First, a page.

I’m often out and about around the country meeting people and talking to them about the problems they’re experiencing. It’s a great way to find out about the issues that matter to you – but I sometimes feel that I should be bringing a confession box with me.
Pretty much every week, someone will approach me and say “I’ve got a problem with [insert company here], but it’s all my fault”. All too often this is the reason they don’t make a complaint.
So I’m flinging open the doors of the Resolver confession box and giving you all a forgiveness pass!
Loads of people don’t make complaints about important things because they blame themselves. Being realistic about things you could have done better is important when making a complaint. But that doesn’t absolve the business of bad behaviour either.
“I didn’t read the terms and conditions”
In a perfect world: You should always try to read the T&Cs so you know your rights.
In practice: T&C’s have become like War and Peace in some circumstances! Businesses aren’t allowed to bury key facts in them. If the term is fundamentally important, it should be flagged up (insurers have key facts documents to do this). If it isn’t, you could have been misled.
“I borrowed some money but I can’t afford to pay it back”
In a perfect world: You’ve entered into a contract and you have to pay the money.
In practice: Life sometimes throws a spanner in the works. From mortgages to credit cards, if you get into difficulties, speak up. The lender should try to give you little breathing space with charges or talk you through your options. If they don’t, get in touch with Resolver.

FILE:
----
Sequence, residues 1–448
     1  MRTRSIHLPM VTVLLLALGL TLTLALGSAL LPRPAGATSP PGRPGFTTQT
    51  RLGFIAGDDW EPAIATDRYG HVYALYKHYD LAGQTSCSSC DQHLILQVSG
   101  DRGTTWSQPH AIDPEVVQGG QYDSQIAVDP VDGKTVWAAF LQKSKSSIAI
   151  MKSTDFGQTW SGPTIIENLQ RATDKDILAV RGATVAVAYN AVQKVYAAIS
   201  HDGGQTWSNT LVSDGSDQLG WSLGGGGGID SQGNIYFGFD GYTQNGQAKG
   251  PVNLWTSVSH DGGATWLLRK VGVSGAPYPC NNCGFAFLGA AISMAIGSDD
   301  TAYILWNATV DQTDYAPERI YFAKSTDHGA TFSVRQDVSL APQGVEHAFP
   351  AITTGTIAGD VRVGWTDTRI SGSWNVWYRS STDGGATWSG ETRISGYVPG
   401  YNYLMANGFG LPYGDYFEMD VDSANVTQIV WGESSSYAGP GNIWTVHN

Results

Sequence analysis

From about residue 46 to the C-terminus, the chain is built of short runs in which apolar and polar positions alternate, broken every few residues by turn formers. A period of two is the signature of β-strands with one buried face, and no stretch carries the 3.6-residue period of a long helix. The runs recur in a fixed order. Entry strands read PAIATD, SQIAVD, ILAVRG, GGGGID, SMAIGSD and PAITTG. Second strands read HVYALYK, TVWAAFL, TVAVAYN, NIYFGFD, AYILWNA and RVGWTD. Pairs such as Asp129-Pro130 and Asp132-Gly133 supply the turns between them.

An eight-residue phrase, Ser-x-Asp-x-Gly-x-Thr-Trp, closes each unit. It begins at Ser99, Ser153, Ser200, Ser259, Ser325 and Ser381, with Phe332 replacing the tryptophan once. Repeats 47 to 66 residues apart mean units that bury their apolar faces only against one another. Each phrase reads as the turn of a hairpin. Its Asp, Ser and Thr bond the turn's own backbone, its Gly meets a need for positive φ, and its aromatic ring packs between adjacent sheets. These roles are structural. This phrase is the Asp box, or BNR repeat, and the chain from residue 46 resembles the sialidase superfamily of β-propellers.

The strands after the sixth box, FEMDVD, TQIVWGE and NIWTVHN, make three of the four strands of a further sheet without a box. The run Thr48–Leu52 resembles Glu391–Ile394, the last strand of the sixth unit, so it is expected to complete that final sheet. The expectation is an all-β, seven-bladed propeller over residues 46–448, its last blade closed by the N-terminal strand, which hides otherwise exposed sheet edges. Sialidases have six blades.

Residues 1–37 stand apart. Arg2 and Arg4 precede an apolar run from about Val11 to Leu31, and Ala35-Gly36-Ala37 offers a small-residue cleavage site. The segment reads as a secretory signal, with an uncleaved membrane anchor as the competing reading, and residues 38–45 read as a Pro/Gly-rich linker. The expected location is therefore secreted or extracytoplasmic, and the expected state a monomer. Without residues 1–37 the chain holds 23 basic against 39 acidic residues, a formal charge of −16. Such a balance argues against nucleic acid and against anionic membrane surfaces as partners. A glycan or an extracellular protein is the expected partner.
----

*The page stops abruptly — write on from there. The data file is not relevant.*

“I didn’t give a meter reading and now I’ve got a massive bill”
In a perfect word: Grit your teeth and pay it, it’ll come down soon.
In practice: Why did your energy provider leave it so long? If it’s been ages, they’re responsible too – and they might be willing to reduce the bill or tariff given their mistake. Get them to talk you through what they can do to help with energy saving options.
“I don’t open my bills”
In a perfect world: If you don’t open your bills, you won’t know if things have gone wrong.
In practice: Whether you’re in denial about money you owe or you make a regular payment so you’re assuming that everything’s okay, it’s easy to let the bills build up. The same goes for going paperless and never checking your online account. As long as you don’t bin them unopened – or lose your password – you can refer back to them if something goes wrong. But every 3 months minimum, grit your teeth and open them when it’s not too late to turn a problem around.
“I haven’t checked my pension in years”
In a perfect world: You pension is so important to your retirement you can’t ignore it.
In practice: Let’s be honest, would you understand your pension if you did check it? Pensions are complicated. So every once in awhile, get your pension provider to explain what’s happening in plain English terms. What to do if you’re not paying enough in and how much you’re paying in charges. Speak to a financial adviser every few years to decide if there’s a better, cheaper option too.
“I don’t update my insurer”
In a perfect world: You need to tell your insurer about ‘significant events’ from illnesses to expensive purchases.
In practice: Insurance contracts work both ways. The insurer should give you enough information so you understand what your obligations are. This ranges from asking you key questions when you take out the policy to making their documents and written requirements clear.
I hope you feel suitably forgiven enough to not suffer in silence. Remember, if you encounter unforgiving customer service – get in touch and we’ll help you get the problem sorted.